Brits forced to march 12 hours to flee Greek inferno in Dunkirk-like scene

Resorts evacuated as blaze rages out of control on Greek island of Rhodes

Petrified British tourists were left with no choice but to scramble away from wildfires for eight miles carrying their luggage and children in inferno-like temperatures on the Greek island of Rhodes.

The “Dunkirk-style” operation saw desperate Brits fleeing the flames as the holiday spot became “hell on earth”.

The blaze made light work of the island’s defences and as a result 30,000 people were forced to evacuate as the popular tourist resorts fell into the fire’s range.

Evacuees marched for hours in the sweltering Greek July heat, as temperatures soared to 38C as smoke billowed down the mountains in what looked like a scene from a dystopian movie.

People found themselves wading into the Mediterranean Sea in order to be picked up by rescue dinghies in scenes reminiscent of the British army evacuation of Dunkirk during World War Two.

READ MORE Family slam TUI after being flown out to Rhodes despite wildfire evacuations[LATEST]

People have spent multiple nights on the rock-hard airport floor, longing for their turn to get on a flight home, as more evacuation orders were made for Monday (July 24).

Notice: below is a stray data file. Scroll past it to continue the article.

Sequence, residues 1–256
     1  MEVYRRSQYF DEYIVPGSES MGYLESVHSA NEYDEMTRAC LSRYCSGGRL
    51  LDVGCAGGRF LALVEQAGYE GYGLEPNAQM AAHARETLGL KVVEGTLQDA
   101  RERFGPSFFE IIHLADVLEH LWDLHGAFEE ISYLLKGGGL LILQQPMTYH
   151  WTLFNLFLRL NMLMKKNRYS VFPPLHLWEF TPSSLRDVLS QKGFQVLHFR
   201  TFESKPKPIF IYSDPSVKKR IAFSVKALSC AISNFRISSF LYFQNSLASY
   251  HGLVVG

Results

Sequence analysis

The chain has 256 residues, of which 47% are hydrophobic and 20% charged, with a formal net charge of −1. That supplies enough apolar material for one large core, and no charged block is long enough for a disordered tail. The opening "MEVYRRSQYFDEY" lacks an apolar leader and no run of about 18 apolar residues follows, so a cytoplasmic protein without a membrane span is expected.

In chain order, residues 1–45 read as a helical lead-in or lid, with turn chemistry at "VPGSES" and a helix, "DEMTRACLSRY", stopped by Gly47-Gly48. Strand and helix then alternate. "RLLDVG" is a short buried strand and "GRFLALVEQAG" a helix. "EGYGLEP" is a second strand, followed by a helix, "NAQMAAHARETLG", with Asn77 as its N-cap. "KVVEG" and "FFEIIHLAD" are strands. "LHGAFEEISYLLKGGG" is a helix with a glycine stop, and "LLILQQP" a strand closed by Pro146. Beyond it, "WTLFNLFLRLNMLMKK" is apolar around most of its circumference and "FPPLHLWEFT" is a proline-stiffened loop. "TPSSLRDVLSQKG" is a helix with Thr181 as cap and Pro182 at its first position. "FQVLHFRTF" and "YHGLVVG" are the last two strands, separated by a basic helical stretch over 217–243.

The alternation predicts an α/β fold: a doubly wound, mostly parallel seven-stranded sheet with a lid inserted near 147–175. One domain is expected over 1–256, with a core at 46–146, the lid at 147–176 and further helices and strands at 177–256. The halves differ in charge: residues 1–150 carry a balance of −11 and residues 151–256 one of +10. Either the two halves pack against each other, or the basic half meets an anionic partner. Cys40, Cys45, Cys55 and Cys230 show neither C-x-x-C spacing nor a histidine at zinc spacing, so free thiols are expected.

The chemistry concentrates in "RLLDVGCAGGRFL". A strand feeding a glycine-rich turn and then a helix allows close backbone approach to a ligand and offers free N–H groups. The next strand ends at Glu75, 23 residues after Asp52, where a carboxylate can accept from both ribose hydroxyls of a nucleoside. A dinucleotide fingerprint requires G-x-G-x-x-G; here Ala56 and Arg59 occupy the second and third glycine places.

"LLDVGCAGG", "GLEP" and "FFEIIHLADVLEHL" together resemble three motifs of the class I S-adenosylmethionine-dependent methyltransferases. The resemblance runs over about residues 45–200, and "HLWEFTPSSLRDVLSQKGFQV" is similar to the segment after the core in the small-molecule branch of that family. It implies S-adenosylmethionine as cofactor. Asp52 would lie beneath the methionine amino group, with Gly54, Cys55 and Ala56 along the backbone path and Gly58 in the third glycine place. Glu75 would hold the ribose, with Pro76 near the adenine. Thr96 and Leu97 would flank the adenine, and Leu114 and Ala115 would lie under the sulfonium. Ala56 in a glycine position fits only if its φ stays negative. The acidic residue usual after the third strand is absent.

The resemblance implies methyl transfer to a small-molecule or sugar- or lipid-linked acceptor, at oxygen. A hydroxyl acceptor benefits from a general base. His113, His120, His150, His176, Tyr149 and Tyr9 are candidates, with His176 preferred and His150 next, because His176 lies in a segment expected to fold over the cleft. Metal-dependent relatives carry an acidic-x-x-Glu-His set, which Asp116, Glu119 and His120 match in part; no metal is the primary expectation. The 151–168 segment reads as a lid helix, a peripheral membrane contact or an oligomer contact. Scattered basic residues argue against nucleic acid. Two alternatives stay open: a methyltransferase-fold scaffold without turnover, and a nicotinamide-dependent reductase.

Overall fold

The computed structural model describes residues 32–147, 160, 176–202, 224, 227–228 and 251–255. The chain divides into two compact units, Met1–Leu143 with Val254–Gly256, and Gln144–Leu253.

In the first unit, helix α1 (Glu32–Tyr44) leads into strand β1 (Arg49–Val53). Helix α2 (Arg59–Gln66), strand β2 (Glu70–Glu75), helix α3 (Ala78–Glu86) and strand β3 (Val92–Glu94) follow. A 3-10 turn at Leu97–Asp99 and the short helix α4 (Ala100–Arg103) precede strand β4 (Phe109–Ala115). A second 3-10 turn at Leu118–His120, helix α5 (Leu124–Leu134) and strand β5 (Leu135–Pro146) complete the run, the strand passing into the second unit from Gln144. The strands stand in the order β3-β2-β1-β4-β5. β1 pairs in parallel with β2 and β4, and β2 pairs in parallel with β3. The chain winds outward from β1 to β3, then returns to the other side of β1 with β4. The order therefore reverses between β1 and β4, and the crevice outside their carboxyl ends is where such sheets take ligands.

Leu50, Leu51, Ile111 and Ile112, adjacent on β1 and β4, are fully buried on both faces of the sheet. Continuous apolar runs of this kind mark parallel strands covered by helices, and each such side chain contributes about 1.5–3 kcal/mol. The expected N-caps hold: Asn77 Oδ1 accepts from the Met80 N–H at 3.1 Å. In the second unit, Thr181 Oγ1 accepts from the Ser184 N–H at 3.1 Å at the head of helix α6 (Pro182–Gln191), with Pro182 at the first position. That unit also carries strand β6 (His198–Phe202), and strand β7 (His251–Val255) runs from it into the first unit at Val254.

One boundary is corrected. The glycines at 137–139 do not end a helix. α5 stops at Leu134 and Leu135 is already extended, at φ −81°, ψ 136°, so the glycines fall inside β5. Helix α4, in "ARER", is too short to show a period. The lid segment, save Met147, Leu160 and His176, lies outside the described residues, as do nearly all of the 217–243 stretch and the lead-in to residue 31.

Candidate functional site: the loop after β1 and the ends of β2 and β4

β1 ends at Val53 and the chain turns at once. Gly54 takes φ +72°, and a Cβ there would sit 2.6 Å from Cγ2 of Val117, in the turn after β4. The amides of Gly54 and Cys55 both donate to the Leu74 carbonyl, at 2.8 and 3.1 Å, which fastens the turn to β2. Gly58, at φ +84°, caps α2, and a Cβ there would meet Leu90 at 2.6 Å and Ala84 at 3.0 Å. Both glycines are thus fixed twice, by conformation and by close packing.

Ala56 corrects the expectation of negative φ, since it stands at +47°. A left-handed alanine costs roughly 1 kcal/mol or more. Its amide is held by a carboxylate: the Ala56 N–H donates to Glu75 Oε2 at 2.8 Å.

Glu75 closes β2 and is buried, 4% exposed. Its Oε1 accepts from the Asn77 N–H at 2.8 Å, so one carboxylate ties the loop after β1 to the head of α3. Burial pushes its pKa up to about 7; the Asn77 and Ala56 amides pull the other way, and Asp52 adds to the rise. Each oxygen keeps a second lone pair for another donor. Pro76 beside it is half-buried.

Greek firefighters continue to battle more than 80 wildfires across the country, 64 of which ignited on Sunday which was the hottest day of the year.

It’s estimated a third of all the evacuees are British and some have spoken out about the terror of the ordeal.

Joanna Harber from Birmingham told The Times: “We feared for our lives. We walked from then until after it was dark and only made it to the airport at 4am”.

A friend of Joanna’s, Katie Fogg, described the searing heat of the flames and the grim reality of trying to escape them.

She told the same publication: “Every time you turned around you could see the flames coming. You felt like you were just going to collapse.”

The 28-year-old added that the heat and smoke from the fire as well as the scorching weather made breathing incredibly difficult.

South Londoner Malcolm McCarthy, 65, made a chilling comparison, he said simply: “It was like Dunkirk.”

Jodie, a mum-of-two, lauded the people of Rhodes as “heroes”.

She said: “The people of Rhodes are the heroes here. The boat guys, the guy handing out towels on the beach to protect my babies from the smoke, the free cold drinks when we got off the boat, the bus that stopped in Lardos, the taxi driver in Rhodos, Chris – our amazing taxi driver from the previous night, his local knowledge and reassuring voice notes were a game changer”.

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Meanwhile, tourists continue to wait to fly back home from Rhodes International Airport, while the discontent at airlines continues.

Jet2, TUI and Corendon have all cancelled flights leaving for the Greek island.

UK airline easyJet said on Sunday that it was operating two repatriation flights on Monday from the devastated island to London Gatwick, on top of the nine flights already operating between the island and UK airport.

The airline added that another repatriation flight would leave on Tuesday.

Irish airline Ryanair said on Sunday its flights to and from the island were operating as normal.

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